So as part of this budget reconciliation bill, Democrats have a different plan to cover those people through private insurance before moving them to a new federal program. It would close a hole in the Affordable Care Act that has disproportionately affected Black Americans living in the South.

Sen. Kyrsten Sinema (D-AZ), center, has in the past blocked majority Democratic-backed legislation.
Chip Somodevilla/Getty Images

Beyond Obamacare, Democrats also want to add new dental benefits to Medicare. It’s a particular priority for Sen. Bernie Sanders, who chairs the powerful budget committee in the Senate.

Right now, the traditional program doesn’t cover those benefits; Medicare Advantage, a growing private alternative, usually does. As a result, nearly half of Medicare beneficiaries (47 percent, 23.6 million people) don’t have dental coverage and about half have not seen a dentist in more than a year.

The budget reconciliation bill would also, as currently written, add vision and hearing benefits for Medicare’s beneficiaries. This would make a program that has a lot of gaps more comprehensive. There has also been speculation that these proposals would be a political boon to Democrats by extending new benefits to a reliable voting bloc.

But all of these proposals cost money. Dental, vision, and hearing, for example, could cost around $350 billion over 10 years, depending on when exactly benefits are set to kick in.

That’s why the prescription drug savings are important for the legislation’s financing. The Congressional Budget Office has estimated a previous iteration of what Democrats are proposing in the reconciliation bill would have saved Medicare more than $450 billion over 10 years.

Enough to cover new Medicare dental and vision benefits — and then some.

The Democrats’ prescription drug plan is in trouble

The plan saves a lot of money because Democrats are proposing significant changes for prescription drugs, proposals they have been running on in campaigns for years now.

The bill includes a plan for Medicare to negotiate prices with drug companies that would set a ceiling for what Medicare would pay for certain medications: no higher than 120 percent of what several other wealthy countries pay. Pharmaceutical companies that did not participate in the negotiations would be subject to a severe excise tax.

The proposal is not just an accounting mechanism. Affording prescription drugs is a problem for a lot of Americans. As of 2016, Medicare beneficiaries spent $650 per year on average out of pocket on prescription drugs, with people who have serious conditions spending significantly more, and there is no cap on what patients can be asked to pay for drugs if they require a lot of them.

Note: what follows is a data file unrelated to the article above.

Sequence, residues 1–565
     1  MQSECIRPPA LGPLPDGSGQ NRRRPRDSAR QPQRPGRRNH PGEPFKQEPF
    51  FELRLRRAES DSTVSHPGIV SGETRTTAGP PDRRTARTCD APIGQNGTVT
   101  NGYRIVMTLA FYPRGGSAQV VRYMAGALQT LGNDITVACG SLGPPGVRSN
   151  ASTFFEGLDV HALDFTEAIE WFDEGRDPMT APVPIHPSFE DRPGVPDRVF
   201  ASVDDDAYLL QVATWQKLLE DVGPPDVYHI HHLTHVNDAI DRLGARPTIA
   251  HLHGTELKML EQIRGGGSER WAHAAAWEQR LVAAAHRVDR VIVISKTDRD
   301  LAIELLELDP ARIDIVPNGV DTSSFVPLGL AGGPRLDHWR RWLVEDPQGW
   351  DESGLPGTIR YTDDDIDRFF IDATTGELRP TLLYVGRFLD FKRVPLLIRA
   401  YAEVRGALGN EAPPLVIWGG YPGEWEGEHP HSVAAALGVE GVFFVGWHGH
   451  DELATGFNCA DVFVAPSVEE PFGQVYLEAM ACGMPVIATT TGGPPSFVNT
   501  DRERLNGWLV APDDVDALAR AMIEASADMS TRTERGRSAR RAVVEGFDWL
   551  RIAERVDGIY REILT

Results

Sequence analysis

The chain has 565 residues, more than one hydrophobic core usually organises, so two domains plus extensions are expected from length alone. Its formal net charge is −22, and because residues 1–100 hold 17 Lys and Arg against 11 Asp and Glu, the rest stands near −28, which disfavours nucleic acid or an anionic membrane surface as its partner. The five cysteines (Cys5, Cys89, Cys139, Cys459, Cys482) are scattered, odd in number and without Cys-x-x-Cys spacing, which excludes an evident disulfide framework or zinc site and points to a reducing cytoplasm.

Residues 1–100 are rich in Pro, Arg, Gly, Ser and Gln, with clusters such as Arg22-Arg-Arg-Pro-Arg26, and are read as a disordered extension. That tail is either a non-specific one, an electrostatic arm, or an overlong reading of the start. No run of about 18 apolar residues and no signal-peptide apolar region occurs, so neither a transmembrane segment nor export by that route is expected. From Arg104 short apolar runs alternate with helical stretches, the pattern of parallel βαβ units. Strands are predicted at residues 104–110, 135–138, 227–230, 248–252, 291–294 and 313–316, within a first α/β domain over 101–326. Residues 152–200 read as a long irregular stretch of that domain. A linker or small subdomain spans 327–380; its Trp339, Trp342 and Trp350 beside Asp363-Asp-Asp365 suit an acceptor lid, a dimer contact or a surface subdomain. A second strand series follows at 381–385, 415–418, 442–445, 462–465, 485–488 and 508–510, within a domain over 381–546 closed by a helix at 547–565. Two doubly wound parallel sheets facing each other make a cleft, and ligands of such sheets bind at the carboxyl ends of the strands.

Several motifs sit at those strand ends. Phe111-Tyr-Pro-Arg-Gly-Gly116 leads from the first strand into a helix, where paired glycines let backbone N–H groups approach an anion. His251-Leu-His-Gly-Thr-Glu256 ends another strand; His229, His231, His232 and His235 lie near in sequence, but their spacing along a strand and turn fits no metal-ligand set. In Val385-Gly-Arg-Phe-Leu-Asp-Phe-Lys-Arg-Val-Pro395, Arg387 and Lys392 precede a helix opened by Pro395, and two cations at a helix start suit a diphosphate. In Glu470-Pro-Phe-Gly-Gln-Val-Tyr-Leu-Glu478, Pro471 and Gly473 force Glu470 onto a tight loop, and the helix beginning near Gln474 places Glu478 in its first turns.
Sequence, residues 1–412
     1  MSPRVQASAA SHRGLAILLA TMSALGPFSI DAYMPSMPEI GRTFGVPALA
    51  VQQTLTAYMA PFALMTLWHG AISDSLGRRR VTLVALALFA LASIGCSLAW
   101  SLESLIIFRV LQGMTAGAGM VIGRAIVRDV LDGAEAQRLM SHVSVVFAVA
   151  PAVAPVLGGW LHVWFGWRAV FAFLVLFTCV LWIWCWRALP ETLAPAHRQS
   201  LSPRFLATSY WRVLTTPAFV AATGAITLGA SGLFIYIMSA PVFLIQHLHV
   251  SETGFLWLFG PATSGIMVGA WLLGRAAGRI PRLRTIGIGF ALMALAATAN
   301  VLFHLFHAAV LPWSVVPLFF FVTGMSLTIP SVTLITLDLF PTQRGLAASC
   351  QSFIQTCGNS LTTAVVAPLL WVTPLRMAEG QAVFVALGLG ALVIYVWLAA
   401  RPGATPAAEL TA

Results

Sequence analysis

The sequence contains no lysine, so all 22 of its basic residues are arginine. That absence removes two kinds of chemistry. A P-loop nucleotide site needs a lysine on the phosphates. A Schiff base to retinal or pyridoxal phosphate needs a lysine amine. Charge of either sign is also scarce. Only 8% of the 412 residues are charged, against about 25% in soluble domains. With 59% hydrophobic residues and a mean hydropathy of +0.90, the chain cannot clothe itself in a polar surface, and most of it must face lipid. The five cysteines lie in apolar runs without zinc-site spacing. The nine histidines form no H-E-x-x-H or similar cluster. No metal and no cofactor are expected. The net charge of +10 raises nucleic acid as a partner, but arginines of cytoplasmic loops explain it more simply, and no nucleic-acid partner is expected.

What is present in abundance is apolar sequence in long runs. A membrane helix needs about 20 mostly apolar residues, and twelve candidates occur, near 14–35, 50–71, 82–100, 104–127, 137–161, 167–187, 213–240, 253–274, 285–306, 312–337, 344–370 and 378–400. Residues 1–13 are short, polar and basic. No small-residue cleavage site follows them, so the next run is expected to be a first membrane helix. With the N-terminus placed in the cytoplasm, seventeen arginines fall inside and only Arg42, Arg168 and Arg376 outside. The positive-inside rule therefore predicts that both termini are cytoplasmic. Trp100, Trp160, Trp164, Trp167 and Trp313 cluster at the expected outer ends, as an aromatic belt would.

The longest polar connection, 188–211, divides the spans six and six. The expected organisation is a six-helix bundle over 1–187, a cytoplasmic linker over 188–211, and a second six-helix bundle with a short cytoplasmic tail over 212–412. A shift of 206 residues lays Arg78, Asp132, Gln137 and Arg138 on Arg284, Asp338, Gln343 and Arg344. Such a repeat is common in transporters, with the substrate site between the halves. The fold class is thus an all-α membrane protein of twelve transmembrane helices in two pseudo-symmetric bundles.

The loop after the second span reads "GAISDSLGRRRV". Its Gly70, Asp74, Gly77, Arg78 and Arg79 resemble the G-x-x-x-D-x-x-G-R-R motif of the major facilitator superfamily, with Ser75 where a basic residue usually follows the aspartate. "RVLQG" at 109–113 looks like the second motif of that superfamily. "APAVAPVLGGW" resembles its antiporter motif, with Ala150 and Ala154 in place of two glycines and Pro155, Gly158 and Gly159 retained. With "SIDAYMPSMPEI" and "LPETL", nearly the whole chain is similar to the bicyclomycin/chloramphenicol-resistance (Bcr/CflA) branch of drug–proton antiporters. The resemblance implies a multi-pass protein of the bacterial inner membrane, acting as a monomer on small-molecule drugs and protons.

Medicare beneficiaries would see premiums for their Part D plan fall by 10 to 15 percent under such a plan, according to a Kaiser Family Foundation estimate. The new lower prices would also be available to private insurers, which could lower premiums for those plans too.

But those savings come out of the drug industry’s pocket, and so drug makers strongly oppose such a plan. They warn that the spending cuts would lead to less investment in research and development to find innovative drugs. Independent analysts like the Congressional Budget Office agree that fewer drugs would likely be approved as a result of the Democratic plan but also make clear there is a lot of uncertainty in these projections.

Regardless, the drug industry’s opposition has found receptive ears in Congress. Reps. Scott Peters (D-CA), Kurt Schrader (D-OR), and Kathleen Rice (D-NY) voted against the drug plan in the Energy and Commerce hearing. Rep. Stephanie Murphy (D-FL) voiced concerns in the Ways and Means Committee and opposed the final product. Those four alone would be enough to sink the proposal on the House floor.

For now, the prescription drug reforms are still in the bill and the moderates have said they’re interested in finding a compromise. The story isn’t over yet. But it may be a similar situation in the Senate, where Sen. Kyrsten Sinema (D-AZ) reportedly told the White House she wasn’t comfortable with the plan as written either. In that chamber, one senator could stop the reconciliation bill.

That is the riddle congressional leaders and the Biden White House have to solve in the coming weeks and months — in the face of fierce industry opposition and with the fate of their health care agenda, with serious consequences for American patients, hanging in the balance.